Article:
The infants in the study by Carter et al.2 were exposed to a CPB prime volume that was extremely large (550 mL) by current standards. This large prime volume virtually guaranteed that RBCs had to be added to the prime solution to avoid excessive hemodilution in infants with a median weight of 3.95 kg. The overwhelming majority (85%) of RBC volume administered to infants in this study was administered during CPB. So, we could consider the majority of the RBC volume exposure to be CPB-driven and not therapeutic. On the contrary, approximately half of the RBC volume administered to patients in the study by Howard-Quijano et al.1 could be considered therapeutic protocol-driven transfusions to “treat patients intra- and postoperatively for a HCT <28%, continued bleeding, or evidence of decreased oxygen-carrying capacity, such as demonstrated by a low mixed venous saturation and/or tachycardia.” The therapeutic RBC transfusions in excess of 60 mL/kg were almost certainly administered in the context of massive blood loss and were associated with an increased risk of composite adverse outcome. Further evidence that RBC transfusion to treat hemorrhage or inadequate systemic oxygen delivery post-CPB as opposed to prevent hemodilution on CPB adversely affects outcome is provided by Redlin et al.4 These authors used a comprehensive blood-sparing technique that largely obviated the need for RBCs in the CPB prime. They used total CPB priming volumes of 95, 110, and 200 mL for infants with a body weight of <3, 3 to 5, and 5 to 16 kg, respectively. The authors demonstrated that intraoperative and postoperative RBC transfusion was associated with prolonged intubation (hazard ratio for early extubation 0.16 [95% CI, 0.09–0.26] and 0.22 [95% CI, 0.14–0.35], respectively). Clearly, we need a much better understanding of how the indication for RBC transfusion and the context of RBC replacement shift the risk–benefit profile for RBC transfusion in children.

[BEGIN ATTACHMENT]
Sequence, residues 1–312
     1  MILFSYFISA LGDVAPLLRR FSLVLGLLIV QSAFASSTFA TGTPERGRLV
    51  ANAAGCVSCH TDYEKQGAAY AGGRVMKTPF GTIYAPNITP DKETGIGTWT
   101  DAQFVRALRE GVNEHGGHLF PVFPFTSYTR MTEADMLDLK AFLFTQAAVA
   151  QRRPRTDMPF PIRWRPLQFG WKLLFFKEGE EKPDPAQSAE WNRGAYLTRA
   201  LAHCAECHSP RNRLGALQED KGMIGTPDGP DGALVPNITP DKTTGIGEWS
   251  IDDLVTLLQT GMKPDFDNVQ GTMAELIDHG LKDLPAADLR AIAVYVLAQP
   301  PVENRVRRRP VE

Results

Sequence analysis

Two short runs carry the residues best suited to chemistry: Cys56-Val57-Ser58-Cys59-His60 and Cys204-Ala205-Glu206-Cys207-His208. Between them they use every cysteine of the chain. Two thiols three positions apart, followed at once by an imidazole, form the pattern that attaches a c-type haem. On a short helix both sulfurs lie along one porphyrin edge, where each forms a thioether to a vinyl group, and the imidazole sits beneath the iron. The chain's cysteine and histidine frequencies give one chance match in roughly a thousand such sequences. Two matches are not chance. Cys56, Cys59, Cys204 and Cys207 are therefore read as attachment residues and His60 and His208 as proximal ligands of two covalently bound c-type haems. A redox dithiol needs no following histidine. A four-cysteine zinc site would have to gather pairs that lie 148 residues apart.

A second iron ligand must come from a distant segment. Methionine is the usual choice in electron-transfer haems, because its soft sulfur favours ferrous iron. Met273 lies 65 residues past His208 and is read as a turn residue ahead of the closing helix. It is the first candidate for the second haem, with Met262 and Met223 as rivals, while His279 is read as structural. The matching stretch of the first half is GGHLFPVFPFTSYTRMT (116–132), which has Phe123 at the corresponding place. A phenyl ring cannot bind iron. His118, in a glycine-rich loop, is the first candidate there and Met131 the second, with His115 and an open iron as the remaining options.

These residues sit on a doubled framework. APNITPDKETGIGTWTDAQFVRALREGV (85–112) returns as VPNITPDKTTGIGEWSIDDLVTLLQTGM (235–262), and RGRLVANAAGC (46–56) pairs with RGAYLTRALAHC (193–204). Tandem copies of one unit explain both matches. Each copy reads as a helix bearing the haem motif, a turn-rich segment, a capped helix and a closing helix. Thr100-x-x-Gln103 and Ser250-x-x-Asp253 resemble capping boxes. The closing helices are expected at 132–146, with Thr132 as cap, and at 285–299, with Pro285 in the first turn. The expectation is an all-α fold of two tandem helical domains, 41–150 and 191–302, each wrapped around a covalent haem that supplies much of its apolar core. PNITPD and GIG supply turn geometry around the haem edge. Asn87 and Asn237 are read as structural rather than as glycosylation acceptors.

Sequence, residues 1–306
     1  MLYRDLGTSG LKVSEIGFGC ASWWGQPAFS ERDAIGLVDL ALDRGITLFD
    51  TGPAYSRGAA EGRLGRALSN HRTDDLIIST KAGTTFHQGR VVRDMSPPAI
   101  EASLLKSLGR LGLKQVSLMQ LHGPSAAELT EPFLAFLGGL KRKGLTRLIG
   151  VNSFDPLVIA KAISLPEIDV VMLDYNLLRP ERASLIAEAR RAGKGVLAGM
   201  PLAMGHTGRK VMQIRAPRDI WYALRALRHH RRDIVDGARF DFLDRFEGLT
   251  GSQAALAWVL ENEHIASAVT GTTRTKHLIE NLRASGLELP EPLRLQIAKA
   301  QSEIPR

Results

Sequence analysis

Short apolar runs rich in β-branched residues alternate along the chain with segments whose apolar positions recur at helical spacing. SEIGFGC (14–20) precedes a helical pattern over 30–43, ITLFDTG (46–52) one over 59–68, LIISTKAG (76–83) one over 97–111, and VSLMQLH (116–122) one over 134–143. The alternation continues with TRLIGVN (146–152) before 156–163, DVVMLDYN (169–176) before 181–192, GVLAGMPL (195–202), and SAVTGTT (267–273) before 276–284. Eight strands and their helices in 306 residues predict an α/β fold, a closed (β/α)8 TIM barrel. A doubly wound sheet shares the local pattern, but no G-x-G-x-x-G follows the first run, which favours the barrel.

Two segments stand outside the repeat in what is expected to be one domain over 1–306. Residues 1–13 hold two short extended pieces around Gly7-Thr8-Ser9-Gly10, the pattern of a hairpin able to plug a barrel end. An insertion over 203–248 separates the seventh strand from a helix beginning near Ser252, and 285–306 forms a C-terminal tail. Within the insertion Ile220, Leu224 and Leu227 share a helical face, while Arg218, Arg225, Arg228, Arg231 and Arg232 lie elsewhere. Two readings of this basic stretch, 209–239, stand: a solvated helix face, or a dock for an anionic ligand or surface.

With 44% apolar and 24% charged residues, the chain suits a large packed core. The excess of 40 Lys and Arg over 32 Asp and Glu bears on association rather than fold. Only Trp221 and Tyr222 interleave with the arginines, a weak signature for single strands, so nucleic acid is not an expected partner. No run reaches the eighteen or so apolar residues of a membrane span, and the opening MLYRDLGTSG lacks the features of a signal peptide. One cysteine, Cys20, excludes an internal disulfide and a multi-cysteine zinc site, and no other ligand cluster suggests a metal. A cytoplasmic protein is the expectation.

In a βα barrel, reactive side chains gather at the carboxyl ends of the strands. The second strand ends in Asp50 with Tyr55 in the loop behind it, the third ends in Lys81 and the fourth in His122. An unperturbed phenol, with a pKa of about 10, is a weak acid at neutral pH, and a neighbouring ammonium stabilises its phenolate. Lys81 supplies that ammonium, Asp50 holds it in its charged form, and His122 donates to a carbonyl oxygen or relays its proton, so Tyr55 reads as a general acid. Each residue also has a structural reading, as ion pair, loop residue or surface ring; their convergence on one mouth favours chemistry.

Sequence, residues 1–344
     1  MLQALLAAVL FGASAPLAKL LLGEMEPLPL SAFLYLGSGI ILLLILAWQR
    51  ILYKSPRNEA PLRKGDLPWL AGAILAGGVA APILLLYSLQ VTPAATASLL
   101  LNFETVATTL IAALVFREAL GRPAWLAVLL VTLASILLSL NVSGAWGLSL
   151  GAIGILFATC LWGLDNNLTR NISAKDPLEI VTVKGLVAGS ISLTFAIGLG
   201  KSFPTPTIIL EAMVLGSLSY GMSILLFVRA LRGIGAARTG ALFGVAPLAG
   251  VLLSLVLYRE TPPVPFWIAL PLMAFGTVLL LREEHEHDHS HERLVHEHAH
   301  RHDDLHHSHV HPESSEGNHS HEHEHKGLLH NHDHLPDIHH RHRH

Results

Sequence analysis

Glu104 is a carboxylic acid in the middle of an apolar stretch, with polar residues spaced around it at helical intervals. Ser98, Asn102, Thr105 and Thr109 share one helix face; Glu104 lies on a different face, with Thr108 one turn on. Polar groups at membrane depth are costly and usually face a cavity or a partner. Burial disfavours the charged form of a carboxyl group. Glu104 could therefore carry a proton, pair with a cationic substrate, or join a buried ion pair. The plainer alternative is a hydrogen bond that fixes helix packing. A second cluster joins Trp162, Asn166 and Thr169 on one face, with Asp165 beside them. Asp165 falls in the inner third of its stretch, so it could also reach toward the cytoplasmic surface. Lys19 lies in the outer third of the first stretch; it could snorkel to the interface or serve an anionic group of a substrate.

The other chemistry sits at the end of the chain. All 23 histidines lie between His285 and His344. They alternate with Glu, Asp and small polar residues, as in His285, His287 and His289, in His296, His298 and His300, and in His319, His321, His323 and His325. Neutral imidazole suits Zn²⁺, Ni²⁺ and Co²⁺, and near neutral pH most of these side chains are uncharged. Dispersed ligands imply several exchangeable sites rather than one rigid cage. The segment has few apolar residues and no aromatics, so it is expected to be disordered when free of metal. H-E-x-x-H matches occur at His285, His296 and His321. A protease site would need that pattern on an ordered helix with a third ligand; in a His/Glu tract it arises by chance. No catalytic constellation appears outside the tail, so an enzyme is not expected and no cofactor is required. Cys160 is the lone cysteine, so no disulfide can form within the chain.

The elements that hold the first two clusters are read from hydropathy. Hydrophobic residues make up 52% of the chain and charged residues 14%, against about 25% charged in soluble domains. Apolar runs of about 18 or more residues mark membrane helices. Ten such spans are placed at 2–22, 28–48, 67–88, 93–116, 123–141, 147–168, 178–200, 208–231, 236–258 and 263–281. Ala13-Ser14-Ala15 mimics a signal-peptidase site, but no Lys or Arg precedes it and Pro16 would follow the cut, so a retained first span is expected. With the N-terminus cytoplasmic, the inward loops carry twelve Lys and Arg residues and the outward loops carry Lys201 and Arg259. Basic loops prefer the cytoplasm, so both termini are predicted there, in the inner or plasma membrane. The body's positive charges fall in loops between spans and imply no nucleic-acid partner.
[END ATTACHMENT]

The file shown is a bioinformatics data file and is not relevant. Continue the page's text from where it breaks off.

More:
Although there is no doubt that RBC transfusion during surgical blood loss is lifesaving and improves outcome in bleeding patients,5 it is doubtful we will ever be able to completely delineate the relative contributions of hemodynamic compromise, inflammation, and the deleterious effects of transfused blood to the adverse outcomes associated with surgical blood loss. A RBC transfusion that does not demonstratively improve system oxygen delivery or replace ongoing blood loss should undergo intense scrutiny. Although our understanding of the consequences and treatment of anemia in adults is becoming more complete and nuanced,6 we currently know very little about the incidence and consequences of perioperative anemia in children. In adult cardiac surgical patients, the combination of anemia and transfusion has been demonstrated to be more deleterious than either entity alone.7 In pediatric cardiac surgical patients, the negative results of the Carter et al. study aside, we should strive to reduce the incidence of CPB-induced anemia through the use of miniaturized CPB circuits. Implementation of multidisciplinary, multimodal patient blood management protocols, designed to optimize RBC mass, minimize blood loss, and optimize physiologic tolerance to anemia, should lead to more rationale utilization of allogeneic blood products.8 In circumstances in which blood loss is inevitable, implementation of preventive strategies and blood loss management algorithms may substantially reduce the volume of allogeneic blood products transfused.9,10